Digging up artists

Repsiene on PCDaily

Margarita Repsiene (from Lithuania now in Singapore) developed her own batik methods for the sea urchin earrings and on the fabric-like belt buckle on the right.

Batik is definitely on the rise again and this version bounced around the world and landed in my lap via Irena Lapasinskaite, Margarita’s friend.

You’ll find a whole bunch of intriguing items on her Flickr, Etsy, Pinterest and Facebook pages. I studied them and kept asking myself, “How is she doing that?”

Repsiene on PCDaily

If you dig up a polymer artist who rings your chimes or piques your curiosity, please send her/his name to PCD. You readers are my eyes and ears in the crazy, huge internet/social media world. I can’t possibly keep up on my own and I count on you. Thanks!

Breezy polymer batiks

Vogel on PCDaily

Lorraine Vogel (WiredOrchid) brings us more breezy summer batiks. You can feel her home’s Florida influence in the leaves and flowers in her designs.

Lorraine’s been perfecting her own methods using inks and stamps in ways that go beyond shabby chic beads which rely on paints. She’s tried other rustic glazes and effects. She’s dabbled with carving polymer and coloring with washes.

Vogel on PCDaily

After all that Lorraine has come up with a dyed fabric look that combines the techniques in a new way. She hints that she’ll develop a tutorial that will divulge how she uses inks to mimic the wax batik process so convincingly on polymer.

In the meanwhile, you can admire how she’s refined and evolved her methods on Flickr, Facebook and on her Etsy site.

Indigo polymer

Larose on PCDaily

These test squares from France’s Isabelle Larose/Atelierlilaroz were the results of her playing with Pavla Cepelikova’s batik tutorial. Yummy! The indigo colors had me drooling. These are my favorites from her samples here. It won’t surprise you that Anne is also interested in watercolors.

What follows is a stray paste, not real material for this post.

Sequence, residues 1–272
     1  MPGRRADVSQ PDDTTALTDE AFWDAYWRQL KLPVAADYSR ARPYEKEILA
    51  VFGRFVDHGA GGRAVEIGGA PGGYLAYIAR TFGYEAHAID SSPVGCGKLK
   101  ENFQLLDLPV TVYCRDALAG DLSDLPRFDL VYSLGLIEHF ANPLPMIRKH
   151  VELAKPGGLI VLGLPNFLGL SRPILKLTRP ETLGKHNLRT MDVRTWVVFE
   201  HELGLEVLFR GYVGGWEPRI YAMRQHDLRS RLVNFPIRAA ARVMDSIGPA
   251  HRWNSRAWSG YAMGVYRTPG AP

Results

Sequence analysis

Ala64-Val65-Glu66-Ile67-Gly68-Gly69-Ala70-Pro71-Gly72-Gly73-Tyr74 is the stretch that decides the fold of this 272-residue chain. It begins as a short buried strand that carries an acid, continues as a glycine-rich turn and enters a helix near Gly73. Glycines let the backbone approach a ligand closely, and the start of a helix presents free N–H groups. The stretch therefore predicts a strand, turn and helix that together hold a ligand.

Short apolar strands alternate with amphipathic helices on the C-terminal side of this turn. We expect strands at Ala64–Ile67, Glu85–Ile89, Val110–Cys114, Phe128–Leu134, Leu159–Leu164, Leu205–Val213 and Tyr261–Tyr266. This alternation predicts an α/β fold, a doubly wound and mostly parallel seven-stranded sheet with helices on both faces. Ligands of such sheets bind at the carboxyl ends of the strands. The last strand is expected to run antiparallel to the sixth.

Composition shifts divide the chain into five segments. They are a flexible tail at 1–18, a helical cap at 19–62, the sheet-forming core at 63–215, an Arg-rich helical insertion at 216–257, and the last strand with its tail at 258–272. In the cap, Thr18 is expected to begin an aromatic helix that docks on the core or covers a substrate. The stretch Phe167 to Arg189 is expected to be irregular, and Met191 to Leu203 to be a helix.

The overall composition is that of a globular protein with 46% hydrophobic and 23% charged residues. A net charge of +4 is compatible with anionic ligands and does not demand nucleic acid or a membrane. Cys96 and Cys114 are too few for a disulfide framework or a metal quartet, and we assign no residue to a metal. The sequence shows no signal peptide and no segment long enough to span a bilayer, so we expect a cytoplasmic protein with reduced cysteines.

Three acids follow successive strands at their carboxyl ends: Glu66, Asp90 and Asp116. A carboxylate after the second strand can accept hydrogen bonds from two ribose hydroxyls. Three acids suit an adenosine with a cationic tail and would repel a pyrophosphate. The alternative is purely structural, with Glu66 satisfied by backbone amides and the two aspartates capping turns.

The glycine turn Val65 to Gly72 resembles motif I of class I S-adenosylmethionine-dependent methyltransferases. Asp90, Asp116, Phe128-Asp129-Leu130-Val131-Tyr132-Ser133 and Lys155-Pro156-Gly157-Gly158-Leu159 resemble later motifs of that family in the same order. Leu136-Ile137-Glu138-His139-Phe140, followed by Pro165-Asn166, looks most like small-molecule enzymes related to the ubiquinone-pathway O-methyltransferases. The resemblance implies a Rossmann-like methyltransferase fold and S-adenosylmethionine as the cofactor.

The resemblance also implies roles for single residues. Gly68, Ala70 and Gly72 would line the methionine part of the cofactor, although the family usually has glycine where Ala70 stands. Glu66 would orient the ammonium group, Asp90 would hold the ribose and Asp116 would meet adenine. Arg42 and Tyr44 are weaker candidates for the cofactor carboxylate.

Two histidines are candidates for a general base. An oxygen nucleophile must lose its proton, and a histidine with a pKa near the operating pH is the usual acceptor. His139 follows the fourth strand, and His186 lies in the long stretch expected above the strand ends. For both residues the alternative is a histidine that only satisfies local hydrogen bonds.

Can I squeeze experimenting with batik into my play at the conference next week? This is where Pinterest comes in handy. By skimming through my favorite board (Be Still My Heart), I’ll remind myself of the patterns, colors and emotions that ring my chimes. That will keep me on track and help me integrate these batik finishes into the work I love. Don’t worry, you’re coming along and we’ll play together. Lots of photos and tidbits.

Big faux

More faux batik beads from Pavla Cepelikova in Prague. These are hollow big beauties that will have you wondering which layer came first.

If you simply must know the answer, you may have to navigate to her Etsy site where she sells the tutorial for her solution to the problem.

Sweet wet kisses

Those vacation kisses from my grandson proved problemmatic and I’m recovering from his cold. All in all, the cold is worth it.

Raking the polymer leaves

Prague’s Pavla Cepelikova captures the feeling of autumn with these graceful multi-layered polymer leaves. She calls the method Fimo Batik and is preparing to teach a workshop about the process.

Ease yourself into a new week with a browse through Pavla’s Flickr pages. You’ll rake in some new ideas.

Faux bohemian batik

This Bohemian Nouveau mixed media wall piece by Heather Campbell leads us down her unusual polymer path. She tends toward large, ornate mixed media pieces that tell fanciful stories.

Heather says, “I am drawn to the wandering nontraditional nature of the Bohemian, which is evident in the shapes and layers of color and the intermingling of techniques. I am captivated by the beautiful flowing scrolls, floral motifs and distinct design elements of the Art Nouveau era. Together they seem to merge into a style and feeling that reflect my own life experience.”

The background on this piece is done with a faux batik polymer technique that Heather details in an article that was published in the July issue of Art Jewelry Magazine. You can download the template (shown at the right) for Heather’s sample batik from the magazine’s website.

Campbell’s faux batik buzz

Heather Campbell Faux Batik Brooch

One of the techniques that built a buzz at the IPCA retreat in Chicago was the faux batik method that Heather Campbell demoed. Faux batik fits perfectly with Heather’s complex, gilded and textured style and looks in sync with the approaching fall colors. She’s uploaded some new samples to her blog.

I missed the Chicago event in July so I’ve spent the afternoon trying to research a bit more about the process. The closest I’ve come is Judy Belcher’s method in her Creative Traditions book.

Heather Campbell - Faux Batik 2

I’m not sure that’s how Heather is achieving her effects, but either way my mind is reeling with ideas. Already variations on this theme are popping up on the web. Thanks to Lindly Haunani for pointing out what I missed.